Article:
We strive to explain the criminal process in a way that makes sense to the average person so our prospective clients know what to expect as they navigate the justice system. One aspect of the system that commonly confuses people is the concept of hung juries. While most people know that a jury must reach a unanimous decision, what happens when they become deadlocked and fail to do so is less understood. Here’s what you should know about hung juries in California.
What is the Definition of a Hung Jury?
A hung jury occurs when jurors cannot reach a consensus. While some states do not require jurors to make a unanimous decision in criminal trials, California does, and all twelve jurors must agree on whether to convict or acquit a defendant.
Additionally, California is one of the only states that requires jurors to unanimously agree on whether the death penalty should be implemented. If they cannot reach a decision, the judge can declare a mistrial for the penalty phase of a trial only and then retry only the sentencing portion of the case.
Is a Hung Jury the Same as a Mistrial?
No, there are many differences between a hung jury vs. a mistrial. A hung jury refers only to situations where the jurors cannot agree on a defendant’s guilt. On the other hand, a mistrial is when a trial is rendered invalid based on many factors. While a hung jury can provide grounds for a mistrial, there are many other reasons a mistrial may be declared, including the death of a judge, prosecutorial misconduct, or juror misconduct.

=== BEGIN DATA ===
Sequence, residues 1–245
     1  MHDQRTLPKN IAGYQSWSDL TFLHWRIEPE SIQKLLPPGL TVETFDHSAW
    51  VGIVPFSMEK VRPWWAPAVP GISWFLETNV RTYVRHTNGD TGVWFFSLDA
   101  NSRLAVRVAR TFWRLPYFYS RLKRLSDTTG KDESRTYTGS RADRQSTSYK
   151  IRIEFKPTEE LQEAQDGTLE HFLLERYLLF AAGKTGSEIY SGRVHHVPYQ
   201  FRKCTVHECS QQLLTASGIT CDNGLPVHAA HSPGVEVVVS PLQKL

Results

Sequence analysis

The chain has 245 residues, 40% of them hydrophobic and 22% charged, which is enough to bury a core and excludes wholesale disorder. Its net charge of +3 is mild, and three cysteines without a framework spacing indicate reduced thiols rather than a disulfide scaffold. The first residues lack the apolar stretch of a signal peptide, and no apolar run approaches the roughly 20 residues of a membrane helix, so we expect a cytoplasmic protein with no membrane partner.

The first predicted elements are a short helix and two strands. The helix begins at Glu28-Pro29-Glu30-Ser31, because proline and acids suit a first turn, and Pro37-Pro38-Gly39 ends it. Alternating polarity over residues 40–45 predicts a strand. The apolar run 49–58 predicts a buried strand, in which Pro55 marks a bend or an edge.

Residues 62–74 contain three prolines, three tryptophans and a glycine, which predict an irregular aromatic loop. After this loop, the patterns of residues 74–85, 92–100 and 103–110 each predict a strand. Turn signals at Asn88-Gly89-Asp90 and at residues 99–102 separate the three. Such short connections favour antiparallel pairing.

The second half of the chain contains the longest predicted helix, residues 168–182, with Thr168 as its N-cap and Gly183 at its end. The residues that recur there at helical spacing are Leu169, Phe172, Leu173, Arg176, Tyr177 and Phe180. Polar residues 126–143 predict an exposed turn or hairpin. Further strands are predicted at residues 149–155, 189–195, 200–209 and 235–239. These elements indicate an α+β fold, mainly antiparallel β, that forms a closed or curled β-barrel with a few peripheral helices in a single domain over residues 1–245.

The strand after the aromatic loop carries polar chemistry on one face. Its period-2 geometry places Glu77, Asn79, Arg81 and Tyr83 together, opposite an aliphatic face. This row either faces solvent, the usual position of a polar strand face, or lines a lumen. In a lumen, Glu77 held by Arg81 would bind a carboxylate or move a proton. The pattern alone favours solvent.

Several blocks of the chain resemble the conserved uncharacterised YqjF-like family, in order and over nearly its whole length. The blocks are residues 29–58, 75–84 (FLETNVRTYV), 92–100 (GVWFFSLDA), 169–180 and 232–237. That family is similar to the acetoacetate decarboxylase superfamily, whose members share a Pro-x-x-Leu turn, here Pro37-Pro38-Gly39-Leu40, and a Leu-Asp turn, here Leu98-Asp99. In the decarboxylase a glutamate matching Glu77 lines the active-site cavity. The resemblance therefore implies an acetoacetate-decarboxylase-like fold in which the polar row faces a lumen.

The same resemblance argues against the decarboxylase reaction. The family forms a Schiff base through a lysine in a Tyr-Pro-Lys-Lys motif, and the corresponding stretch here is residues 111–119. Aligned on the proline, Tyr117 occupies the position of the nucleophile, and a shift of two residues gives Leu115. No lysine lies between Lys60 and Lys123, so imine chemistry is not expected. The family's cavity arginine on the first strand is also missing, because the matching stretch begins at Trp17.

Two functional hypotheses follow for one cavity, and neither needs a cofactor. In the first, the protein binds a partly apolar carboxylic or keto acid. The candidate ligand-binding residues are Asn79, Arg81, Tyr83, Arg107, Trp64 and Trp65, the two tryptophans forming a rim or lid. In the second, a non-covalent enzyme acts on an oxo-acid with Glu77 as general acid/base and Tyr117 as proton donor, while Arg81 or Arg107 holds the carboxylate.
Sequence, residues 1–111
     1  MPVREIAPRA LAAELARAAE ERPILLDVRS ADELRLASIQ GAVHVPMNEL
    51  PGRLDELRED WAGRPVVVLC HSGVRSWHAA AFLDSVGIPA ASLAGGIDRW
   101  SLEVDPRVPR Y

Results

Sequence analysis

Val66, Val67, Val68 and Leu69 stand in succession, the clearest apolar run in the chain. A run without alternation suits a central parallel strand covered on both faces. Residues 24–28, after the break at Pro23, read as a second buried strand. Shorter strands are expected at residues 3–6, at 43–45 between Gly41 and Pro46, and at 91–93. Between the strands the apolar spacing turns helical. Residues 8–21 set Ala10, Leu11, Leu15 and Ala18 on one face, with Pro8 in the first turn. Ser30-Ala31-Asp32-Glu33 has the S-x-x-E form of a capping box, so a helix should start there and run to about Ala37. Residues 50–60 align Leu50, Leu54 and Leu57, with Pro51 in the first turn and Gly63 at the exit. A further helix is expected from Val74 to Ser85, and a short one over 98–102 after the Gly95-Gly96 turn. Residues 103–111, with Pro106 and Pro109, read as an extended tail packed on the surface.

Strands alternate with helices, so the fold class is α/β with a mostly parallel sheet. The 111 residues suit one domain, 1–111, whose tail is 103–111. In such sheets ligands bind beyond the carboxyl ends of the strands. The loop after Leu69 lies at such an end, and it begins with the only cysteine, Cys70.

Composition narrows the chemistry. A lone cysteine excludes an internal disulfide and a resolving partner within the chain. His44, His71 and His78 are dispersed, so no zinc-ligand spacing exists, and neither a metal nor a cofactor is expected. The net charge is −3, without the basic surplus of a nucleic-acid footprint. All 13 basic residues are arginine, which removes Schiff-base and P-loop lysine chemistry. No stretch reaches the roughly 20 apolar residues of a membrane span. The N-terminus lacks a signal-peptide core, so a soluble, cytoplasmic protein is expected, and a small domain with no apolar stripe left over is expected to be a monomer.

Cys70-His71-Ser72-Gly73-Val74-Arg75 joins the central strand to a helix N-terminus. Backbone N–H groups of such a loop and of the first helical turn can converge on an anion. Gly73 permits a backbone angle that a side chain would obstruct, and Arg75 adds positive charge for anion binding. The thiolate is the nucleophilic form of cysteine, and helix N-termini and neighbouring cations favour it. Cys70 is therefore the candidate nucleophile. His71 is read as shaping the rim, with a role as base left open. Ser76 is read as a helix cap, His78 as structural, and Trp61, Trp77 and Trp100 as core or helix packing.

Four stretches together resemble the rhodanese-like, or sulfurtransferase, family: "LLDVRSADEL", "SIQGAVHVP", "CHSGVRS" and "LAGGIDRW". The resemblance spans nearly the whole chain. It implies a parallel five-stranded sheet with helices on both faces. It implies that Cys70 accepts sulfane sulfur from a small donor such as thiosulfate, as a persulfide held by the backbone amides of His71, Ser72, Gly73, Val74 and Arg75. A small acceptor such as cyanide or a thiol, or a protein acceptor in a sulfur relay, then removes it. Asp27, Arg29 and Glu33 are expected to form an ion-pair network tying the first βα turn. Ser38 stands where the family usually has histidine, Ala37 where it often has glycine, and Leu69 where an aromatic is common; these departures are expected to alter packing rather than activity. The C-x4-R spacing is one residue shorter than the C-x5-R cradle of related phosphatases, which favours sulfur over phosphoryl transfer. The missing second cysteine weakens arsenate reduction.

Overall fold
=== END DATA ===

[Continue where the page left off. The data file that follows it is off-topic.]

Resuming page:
What Happens After a Hung Jury?
When a jury first comes back deadlocked, the judge will typically use an Allen charge, telling them to continue to deliberate and see if they can come to an agreement. If they cannot reach a consensus after multiple attempts, the judge will eventually declare a mistrial due to a hung jury, which means the defendant has been neither convicted nor acquitted. Three things can happen at this point:
- The judge can dismiss the case if they feel there is insufficient evidence, something vitally wrong with the case, or if it has resulted in multiple hung juries
- The defense and prosecution can work together to negotiate a plea bargain
- The prosecution can choose to retry the case
Though many people believe retrying the case violates the double jeopardy clause of the United States Constitution, the fact that there was no verdict means that the mistrial is considered to have not happened. Anything that happened in the previous trial is irrelevant to the subsequent trial. After seeing the prosecution in action, the defense usually has an advantage in retrials because they have seen the prosecution in action and can build a new strategy based on that information.
This knowledge and the fact that the prosecution’s case is too shaky to result in a conviction the first time around also make it easier for the defense lawyer to negotiate a plea bargain that will benefit their client.
Is a Mistrial by Hung Jury Good for the Defendant?
By nature, no one wins in these situations. The prosecution could not secure a conviction, and the defense could not get the defendant cleared of the accusations. The defendant also has to deal with the stress of waiting even longer to find out the ultimate outcome of their case.
In some ways though, a hung jury can benefit a criminal defendant. One major benefit is that a judge will typically poll the jury when they cannot come to an agreement to find out how many were in favor of an innocent or guilty verdict. If the jury was largely in favor of acquittal, this can give the criminal defense attorney leverage to negotiate a better plea bargain. On the other hand, if most jurors favored a conviction, it lets the defendant and his criminal lawyer know that they may be best off settling the case in a plea deal rather than continuing their strategy of fighting the charges.
If you have any questions about the justice system or have been charged with a crime, please contact criminal defense attorney Peter M. Liss at (760) 643-4050.